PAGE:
I was greatly disappointed at the publishing of the political cartoon by Gary McCoy in Sunday’s Casper Star Tribune. The cartoon depicts four African-American men protesting in Ferguson, Missouri. Like most of McCoy’s work, the cartoon shows black people as lawless, thick-lipped, illiterate vandals. (You should see how he views gay people and women.) The four men--pants falling down, hats on backwards--are stealing, and holding signs that say this protest is about having larger televisions, not about justice for the unarmed teenager who was shot by a policeman. McCoy, a lifelong captive in cliché’s prison-yard, has certainly outdone himself this time.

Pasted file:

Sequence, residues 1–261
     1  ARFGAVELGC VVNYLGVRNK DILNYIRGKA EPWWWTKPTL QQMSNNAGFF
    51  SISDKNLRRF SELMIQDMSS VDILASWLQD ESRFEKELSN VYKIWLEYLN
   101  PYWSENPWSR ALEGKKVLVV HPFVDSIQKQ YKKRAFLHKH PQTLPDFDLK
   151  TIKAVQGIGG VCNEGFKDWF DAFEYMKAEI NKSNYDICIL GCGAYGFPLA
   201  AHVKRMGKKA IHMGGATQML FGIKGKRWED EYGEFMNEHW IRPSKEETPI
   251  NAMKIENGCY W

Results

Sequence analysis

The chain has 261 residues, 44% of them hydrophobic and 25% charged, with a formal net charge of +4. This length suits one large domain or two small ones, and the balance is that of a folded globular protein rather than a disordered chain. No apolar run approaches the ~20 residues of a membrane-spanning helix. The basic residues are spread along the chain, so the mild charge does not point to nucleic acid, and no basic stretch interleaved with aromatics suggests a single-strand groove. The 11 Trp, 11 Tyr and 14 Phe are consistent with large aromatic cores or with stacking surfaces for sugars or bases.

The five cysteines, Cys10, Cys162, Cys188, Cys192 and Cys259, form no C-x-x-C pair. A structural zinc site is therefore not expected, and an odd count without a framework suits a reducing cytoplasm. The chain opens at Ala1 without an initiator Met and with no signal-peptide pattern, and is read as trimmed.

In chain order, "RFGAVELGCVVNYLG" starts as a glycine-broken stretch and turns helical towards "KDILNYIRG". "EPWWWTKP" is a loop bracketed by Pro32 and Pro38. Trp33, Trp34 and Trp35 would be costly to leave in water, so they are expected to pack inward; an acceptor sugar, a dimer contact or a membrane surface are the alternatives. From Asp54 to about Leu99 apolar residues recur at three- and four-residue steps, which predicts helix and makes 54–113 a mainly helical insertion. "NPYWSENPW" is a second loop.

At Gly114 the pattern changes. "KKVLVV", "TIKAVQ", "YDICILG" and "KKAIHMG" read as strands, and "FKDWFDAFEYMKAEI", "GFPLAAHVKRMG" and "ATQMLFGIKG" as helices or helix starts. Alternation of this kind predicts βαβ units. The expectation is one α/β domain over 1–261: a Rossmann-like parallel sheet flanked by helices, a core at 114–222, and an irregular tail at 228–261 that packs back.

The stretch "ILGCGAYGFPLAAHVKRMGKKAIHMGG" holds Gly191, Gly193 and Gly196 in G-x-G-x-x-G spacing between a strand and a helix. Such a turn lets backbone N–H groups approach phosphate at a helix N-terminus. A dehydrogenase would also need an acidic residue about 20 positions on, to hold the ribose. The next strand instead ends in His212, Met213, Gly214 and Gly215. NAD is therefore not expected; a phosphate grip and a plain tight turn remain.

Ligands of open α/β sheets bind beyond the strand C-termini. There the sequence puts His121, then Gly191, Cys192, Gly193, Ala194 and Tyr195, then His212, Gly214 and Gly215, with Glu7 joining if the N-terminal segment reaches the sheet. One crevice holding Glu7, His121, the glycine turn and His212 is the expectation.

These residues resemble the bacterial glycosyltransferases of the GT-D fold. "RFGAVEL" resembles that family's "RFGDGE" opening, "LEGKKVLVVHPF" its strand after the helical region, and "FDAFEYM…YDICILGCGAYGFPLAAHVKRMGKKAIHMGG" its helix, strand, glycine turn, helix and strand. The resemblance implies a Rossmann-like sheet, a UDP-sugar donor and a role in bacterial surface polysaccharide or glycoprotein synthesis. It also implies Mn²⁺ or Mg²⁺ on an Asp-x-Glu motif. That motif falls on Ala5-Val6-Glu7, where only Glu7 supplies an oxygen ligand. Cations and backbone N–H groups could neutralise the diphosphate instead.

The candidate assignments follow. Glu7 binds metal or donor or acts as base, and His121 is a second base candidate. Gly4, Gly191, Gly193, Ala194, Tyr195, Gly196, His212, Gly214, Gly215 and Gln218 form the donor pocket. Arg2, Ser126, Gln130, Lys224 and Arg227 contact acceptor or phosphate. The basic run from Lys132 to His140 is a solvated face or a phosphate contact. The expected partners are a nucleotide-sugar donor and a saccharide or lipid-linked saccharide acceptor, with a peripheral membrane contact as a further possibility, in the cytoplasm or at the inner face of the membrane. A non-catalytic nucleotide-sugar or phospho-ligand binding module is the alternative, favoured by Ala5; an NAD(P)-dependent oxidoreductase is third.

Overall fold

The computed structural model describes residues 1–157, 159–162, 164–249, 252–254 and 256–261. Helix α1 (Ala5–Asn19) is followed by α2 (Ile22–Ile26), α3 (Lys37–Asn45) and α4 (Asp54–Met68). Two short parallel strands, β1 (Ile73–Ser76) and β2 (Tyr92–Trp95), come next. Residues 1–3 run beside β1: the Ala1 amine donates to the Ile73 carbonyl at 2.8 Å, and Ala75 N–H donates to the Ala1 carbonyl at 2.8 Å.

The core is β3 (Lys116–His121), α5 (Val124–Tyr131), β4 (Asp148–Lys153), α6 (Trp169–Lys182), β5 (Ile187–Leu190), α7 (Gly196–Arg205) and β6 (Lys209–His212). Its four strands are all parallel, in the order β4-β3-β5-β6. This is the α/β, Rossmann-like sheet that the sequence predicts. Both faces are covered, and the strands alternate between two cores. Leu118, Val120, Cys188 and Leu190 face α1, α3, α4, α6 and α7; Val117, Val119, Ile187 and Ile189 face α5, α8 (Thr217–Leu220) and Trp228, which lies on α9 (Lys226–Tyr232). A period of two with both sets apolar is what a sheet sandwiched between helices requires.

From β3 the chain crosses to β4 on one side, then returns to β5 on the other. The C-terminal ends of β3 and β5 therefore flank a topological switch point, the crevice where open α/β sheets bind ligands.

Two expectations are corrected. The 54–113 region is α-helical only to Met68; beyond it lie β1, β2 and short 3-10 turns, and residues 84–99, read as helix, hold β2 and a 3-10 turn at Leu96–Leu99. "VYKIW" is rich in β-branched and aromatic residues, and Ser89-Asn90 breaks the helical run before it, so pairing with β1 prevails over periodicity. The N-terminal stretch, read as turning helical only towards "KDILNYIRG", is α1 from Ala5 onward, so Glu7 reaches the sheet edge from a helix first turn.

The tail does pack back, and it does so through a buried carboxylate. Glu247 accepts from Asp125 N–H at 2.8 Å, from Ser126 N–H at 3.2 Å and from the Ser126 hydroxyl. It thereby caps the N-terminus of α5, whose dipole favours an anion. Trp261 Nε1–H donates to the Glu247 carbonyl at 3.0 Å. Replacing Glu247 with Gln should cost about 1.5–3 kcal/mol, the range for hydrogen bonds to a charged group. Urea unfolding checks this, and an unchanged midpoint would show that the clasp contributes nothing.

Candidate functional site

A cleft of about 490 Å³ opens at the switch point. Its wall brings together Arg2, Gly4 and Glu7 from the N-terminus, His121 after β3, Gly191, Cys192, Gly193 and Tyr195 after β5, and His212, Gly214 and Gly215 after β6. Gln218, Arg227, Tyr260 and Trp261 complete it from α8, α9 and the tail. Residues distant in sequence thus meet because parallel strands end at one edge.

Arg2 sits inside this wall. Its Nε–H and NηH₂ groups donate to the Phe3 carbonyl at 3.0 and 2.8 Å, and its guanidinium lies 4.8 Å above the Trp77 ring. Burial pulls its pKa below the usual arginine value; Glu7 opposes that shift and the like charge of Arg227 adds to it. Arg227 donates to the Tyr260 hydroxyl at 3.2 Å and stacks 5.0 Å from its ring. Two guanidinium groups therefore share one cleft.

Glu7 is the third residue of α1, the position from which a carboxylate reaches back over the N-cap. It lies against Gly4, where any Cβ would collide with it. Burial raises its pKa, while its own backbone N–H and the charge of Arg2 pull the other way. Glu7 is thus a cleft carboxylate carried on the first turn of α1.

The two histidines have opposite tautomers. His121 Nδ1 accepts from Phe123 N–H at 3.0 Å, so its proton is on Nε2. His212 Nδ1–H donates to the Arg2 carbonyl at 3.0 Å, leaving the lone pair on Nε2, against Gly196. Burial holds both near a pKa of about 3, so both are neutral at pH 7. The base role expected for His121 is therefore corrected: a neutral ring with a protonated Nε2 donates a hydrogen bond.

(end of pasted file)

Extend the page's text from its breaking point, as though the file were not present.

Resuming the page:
Political cartoons can be offensive, satirical, funny, thought-provoking, mind- blowing, and astonishingly beautiful. (See “The German Tango” by Dutch cartoonist Louis Raemaekers, for example.) Cartoonists have been jailed for their views; magazines and newspapers have gone under for publishing them. These cartoons are important in that they generate public debate, question the powerful and privileged, cause us to defend our positions. But this cartoon by McCoy does none of these things. It’s only cynical--like the bulk of his work. It is not aimed at identifiable public figures; it’s aimed at a race of people. It’s none of the things political cartons can aspire to be. It’s only sad. And it’s sad that you chose to publish it.